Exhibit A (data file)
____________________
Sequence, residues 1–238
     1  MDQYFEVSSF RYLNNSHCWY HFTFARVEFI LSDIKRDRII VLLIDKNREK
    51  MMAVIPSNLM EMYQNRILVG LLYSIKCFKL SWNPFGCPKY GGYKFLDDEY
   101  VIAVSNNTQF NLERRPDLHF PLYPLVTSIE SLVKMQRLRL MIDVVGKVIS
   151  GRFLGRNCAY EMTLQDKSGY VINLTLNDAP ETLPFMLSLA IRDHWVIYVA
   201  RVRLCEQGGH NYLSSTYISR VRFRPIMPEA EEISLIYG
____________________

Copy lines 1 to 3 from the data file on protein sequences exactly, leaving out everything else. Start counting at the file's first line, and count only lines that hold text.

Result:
Sequence, residues 1–238
     1  MDQYFEVSSF RYLNNSHCWY HFTFARVEFI LSDIKRDRII VLLIDKNREK
    51  MMAVIPSNLM EMYQNRILVG LLYSIKCFKL SWNPFGCPKY GGYKFLDDEY